Finding the "drop in potential" as current moves through a single resistor of a circuit with parallel resistors

I have four different resistors connected in parallel to a $$\24.0 \ \text{V}\$$ battery with internal resistance of $$\0.500 \ \Omega\$$. The resistor values are $$\10.0 \ \Omega\$$,$$\15.0 \ \Omega\$$, $$\30.0 \ \Omega\$$, and $$\45.0 \ \Omega\$$.

I calculated the total resistance of the circuit to be the resistance of the four resistors in parallel, $$\\dfrac{1}{R_{\text{parallel}}} = \dfrac{1}{10} + \dfrac{1}{15} + \dfrac{1}{30} + \dfrac{1}{45} = \dfrac{1}{4.5} \ \Rightarrow R_{\text{parallel}} = 4.50 \ \Omega\$$, plus the internal resistance of the battery, so that $$\R_{\text{total}} = 4.50 \ \Omega + 0.500 \ \Omega = 5.00 \ \Omega \$$.

The voltage available at the terminals of the battery is found as follows: $$\I_{\text{total}} = \dfrac{V}{R_{\text{total}}} = 24.0/5.00 = 4.80 \ \text{A} \$$ for the total current, and then $$\V_{\text{parallel}} = I_{\text{total}} R_{\text{parallel}} = 4.80 \times 4.50 = 21.6 \ \text{V} \$$.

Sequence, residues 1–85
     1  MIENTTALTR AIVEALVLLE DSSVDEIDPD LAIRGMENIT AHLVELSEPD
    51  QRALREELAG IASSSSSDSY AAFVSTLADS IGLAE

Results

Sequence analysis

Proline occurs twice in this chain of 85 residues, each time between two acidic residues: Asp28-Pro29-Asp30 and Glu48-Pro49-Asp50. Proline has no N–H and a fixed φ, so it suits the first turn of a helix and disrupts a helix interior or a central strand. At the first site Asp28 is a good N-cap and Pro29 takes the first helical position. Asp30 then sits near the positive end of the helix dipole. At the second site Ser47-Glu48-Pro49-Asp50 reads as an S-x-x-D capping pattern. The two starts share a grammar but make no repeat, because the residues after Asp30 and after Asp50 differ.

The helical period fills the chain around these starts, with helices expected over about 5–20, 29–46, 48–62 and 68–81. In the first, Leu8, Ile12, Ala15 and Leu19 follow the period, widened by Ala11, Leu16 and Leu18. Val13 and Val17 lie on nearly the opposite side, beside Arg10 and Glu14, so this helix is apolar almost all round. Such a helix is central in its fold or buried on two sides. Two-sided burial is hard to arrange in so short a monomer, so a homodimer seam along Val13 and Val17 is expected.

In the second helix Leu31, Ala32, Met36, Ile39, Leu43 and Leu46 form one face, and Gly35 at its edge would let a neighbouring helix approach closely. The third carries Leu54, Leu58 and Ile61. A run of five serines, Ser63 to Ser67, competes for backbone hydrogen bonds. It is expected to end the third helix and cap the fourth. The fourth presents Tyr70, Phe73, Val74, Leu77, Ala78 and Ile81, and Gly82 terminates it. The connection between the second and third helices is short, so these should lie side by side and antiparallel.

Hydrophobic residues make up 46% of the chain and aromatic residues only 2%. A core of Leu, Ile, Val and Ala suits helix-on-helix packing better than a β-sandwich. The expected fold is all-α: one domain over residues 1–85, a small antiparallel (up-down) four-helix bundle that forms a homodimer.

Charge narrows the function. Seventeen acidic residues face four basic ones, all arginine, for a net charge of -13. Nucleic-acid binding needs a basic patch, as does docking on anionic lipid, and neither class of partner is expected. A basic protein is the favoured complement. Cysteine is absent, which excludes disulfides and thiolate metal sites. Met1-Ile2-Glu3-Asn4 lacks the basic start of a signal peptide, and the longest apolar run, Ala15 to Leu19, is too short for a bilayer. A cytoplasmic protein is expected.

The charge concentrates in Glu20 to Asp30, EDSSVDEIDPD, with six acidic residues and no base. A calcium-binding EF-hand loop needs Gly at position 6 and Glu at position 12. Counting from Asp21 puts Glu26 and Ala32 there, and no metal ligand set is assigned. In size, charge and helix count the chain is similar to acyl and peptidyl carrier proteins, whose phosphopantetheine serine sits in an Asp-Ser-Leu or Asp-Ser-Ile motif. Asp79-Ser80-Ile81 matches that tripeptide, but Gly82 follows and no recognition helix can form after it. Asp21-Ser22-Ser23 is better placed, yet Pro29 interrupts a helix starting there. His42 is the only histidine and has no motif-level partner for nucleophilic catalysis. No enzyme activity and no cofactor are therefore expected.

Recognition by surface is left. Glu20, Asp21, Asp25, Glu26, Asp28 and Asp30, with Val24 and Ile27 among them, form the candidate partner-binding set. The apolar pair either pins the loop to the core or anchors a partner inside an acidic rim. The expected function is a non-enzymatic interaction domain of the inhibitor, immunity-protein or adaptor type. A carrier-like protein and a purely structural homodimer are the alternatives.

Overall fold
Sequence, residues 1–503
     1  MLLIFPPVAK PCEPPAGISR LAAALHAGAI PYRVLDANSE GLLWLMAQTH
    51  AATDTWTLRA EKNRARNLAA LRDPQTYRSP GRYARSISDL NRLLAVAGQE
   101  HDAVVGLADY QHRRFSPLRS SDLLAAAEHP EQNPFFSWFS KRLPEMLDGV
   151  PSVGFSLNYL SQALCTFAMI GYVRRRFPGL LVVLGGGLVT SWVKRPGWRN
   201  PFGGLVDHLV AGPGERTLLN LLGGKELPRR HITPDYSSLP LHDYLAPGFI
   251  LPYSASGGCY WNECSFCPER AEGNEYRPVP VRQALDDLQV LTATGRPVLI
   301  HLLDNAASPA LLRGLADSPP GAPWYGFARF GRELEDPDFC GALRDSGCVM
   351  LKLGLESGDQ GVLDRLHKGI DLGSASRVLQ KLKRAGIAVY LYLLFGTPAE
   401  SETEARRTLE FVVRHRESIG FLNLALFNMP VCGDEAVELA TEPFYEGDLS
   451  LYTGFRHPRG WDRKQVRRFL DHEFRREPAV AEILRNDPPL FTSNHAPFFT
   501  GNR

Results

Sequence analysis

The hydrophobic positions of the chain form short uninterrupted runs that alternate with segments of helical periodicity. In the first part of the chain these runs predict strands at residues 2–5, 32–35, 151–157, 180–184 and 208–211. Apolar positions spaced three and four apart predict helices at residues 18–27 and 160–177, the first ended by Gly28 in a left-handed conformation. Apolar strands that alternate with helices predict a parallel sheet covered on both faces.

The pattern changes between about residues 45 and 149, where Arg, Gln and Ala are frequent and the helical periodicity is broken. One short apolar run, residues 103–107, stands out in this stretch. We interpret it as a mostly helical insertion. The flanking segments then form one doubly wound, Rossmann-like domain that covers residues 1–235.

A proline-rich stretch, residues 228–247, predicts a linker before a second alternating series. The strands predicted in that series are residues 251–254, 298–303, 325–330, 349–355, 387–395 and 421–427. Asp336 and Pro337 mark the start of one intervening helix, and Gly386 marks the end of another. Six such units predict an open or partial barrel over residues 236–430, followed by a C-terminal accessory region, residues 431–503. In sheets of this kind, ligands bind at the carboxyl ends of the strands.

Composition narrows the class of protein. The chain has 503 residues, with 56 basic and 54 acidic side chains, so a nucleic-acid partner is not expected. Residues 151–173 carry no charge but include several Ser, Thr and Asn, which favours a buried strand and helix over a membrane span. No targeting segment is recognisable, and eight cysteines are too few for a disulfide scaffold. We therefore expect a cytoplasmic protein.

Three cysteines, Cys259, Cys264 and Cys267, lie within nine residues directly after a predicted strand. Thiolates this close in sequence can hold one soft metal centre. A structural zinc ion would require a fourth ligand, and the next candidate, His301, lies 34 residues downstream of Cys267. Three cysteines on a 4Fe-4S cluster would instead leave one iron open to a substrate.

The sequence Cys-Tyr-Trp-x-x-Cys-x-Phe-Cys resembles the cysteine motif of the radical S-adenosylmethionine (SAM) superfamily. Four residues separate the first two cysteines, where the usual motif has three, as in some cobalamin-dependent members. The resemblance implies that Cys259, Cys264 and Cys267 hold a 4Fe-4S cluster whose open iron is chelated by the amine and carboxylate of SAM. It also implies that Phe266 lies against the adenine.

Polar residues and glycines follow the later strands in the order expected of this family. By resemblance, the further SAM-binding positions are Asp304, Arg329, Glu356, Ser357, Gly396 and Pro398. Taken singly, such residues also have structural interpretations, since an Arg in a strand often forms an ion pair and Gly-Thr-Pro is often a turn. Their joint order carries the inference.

I now want to find the "potential difference across the $$\10.0 \ \Omega\$$ resistor. I am told that this is $$\V_{10} = V_{\text{parallel}} = 21.6 \ \text{V}\$$. But we know that Ohm's law can be interpreted as being the "drop in potential" as current flows through a resistor, so why is the solution not just $$\V_{10} = I_{\text{total}} \times 10 \ \Omega = 4.80 \ \text{A} \times 10 \ \Omega \$$? What is the reasoning behind why $$\V_{10} = V_{\text{parallel}} = 21.6 \ \text{V}\$$?

• The thing about applying Ohm's Law is identifying the correct current and the correct voltage for any given resistor. You can't just use any old current value existing somewhere in the wider circuit, you must use the current flowing through that particular resistor, and the voltage across that particular resistor. Commented May 13, 2022 at 7:50
• @Neil_UK Thanks for the clarifying advice. Commented May 14, 2022 at 7:47